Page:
Obesity's Chicken or Egg

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Science  01 Apr 2011:
Vol. 332, Issue 6025, pp. 15
DOI: 10.1126/science.332.6025.15-a
CREDIT: STICE ET AL., J. NEUROSCI. 31, 4360 (2011)

Altered reward circuitry in the brain may play a role in obesity. One change that has been observed is that overweight people have fewer dopamine D2 receptors in the brain striatum; however, it is unclear whether this is a cause or consequence of overeating. Stice et al. used functional magnetic resonance imaging to look at vulnerability to obesity by examining neural responses to food and related cues in high-risk though still-lean adolescents. They found that a corticostriatal network responded to food receipt, but not to anticipation of food-related cues, more strongly in these high-risk people. A related network in high-risk individuals also responded more to the receipt of money. These people also showed greater activation of the oral regions of the somatosensory cortex in response to palatable food intake, a result specific for food rather than money. Thus, youths at risk for obesity initially had a generally elevated reward region responsivity. When coupled with an increased responsivity of oral somatosensory regions, this may result in overeating that subsequently produces dopamine receptor down-regulation and elevated incentive salience of food cues.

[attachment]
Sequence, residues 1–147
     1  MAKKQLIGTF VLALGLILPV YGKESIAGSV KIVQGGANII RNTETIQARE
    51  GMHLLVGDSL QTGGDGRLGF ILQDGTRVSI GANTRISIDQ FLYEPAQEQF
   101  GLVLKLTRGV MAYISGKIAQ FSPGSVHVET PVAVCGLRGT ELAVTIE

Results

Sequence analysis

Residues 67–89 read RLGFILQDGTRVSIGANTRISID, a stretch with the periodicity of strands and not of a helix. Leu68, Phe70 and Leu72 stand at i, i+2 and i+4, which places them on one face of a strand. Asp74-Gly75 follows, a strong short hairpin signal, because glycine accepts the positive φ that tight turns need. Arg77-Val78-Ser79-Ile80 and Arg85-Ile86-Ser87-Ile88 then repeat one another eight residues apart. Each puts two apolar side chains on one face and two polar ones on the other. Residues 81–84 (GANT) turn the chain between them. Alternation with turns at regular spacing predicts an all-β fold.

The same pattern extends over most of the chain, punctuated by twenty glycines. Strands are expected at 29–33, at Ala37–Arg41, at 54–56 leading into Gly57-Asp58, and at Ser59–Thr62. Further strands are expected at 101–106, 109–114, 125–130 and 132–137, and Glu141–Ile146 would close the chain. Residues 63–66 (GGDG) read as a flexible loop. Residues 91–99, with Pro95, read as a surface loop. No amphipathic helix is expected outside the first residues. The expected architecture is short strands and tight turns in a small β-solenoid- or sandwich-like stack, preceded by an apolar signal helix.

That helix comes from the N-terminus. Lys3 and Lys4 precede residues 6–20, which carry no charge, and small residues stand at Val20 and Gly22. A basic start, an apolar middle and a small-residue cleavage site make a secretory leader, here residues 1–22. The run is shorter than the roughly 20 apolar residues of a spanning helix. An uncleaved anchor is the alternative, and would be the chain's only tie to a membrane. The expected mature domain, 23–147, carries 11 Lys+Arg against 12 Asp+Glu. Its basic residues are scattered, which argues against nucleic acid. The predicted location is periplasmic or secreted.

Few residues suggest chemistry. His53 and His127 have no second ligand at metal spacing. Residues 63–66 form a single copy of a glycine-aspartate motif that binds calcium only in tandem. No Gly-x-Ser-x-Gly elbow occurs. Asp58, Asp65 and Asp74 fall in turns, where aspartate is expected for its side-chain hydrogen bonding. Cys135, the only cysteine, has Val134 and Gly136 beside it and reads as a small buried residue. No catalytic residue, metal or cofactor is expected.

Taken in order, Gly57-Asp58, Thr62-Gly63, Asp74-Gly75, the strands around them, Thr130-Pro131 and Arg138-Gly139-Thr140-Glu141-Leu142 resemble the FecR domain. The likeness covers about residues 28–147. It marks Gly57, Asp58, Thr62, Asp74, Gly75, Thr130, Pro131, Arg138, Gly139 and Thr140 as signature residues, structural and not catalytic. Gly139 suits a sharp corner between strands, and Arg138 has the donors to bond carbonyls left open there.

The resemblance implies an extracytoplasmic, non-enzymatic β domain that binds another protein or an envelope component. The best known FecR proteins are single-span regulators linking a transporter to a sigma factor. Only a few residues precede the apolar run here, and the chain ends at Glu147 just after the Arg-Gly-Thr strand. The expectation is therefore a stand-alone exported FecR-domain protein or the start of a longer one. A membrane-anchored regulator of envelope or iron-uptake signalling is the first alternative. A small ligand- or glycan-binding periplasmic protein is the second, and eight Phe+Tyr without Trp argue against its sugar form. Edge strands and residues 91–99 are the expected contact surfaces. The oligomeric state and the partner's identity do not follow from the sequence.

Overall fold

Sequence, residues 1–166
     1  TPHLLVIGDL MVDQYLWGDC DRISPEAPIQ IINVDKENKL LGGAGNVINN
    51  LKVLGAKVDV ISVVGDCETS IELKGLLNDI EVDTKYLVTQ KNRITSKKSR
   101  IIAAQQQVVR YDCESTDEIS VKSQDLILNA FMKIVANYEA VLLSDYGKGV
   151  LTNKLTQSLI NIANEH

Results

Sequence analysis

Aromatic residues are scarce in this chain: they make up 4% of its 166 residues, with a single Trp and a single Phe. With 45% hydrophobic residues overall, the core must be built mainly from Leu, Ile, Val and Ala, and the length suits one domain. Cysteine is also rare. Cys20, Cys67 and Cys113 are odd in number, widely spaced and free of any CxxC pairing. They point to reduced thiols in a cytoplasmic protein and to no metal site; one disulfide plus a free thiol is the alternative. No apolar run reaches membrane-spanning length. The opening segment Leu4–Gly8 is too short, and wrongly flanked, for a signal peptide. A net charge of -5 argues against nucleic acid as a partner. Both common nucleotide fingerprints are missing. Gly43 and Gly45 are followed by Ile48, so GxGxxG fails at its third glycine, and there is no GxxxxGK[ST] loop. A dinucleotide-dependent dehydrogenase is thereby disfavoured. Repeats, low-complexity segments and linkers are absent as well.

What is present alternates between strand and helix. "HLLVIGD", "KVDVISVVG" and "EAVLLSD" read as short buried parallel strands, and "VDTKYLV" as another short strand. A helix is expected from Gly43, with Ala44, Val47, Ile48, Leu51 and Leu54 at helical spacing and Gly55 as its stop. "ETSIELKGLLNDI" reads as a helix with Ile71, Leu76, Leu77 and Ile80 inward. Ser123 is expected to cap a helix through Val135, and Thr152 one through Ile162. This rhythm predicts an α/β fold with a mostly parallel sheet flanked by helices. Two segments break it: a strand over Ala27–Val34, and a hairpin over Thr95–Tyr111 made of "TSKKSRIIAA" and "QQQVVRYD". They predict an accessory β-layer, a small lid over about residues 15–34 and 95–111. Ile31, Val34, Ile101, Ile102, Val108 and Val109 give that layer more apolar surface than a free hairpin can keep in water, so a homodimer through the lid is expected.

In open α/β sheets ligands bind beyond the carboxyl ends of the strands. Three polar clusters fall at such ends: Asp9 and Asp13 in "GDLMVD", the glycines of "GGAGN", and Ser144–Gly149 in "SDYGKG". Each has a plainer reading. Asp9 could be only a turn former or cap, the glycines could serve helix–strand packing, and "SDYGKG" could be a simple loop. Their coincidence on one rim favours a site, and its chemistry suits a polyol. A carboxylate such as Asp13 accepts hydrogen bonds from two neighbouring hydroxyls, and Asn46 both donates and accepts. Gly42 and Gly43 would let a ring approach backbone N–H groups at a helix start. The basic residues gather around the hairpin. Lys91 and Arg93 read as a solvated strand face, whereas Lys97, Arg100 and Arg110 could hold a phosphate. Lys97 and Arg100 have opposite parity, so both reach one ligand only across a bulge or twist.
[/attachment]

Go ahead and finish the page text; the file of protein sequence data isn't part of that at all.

J. Neurosci. 31, 4360 (2011).

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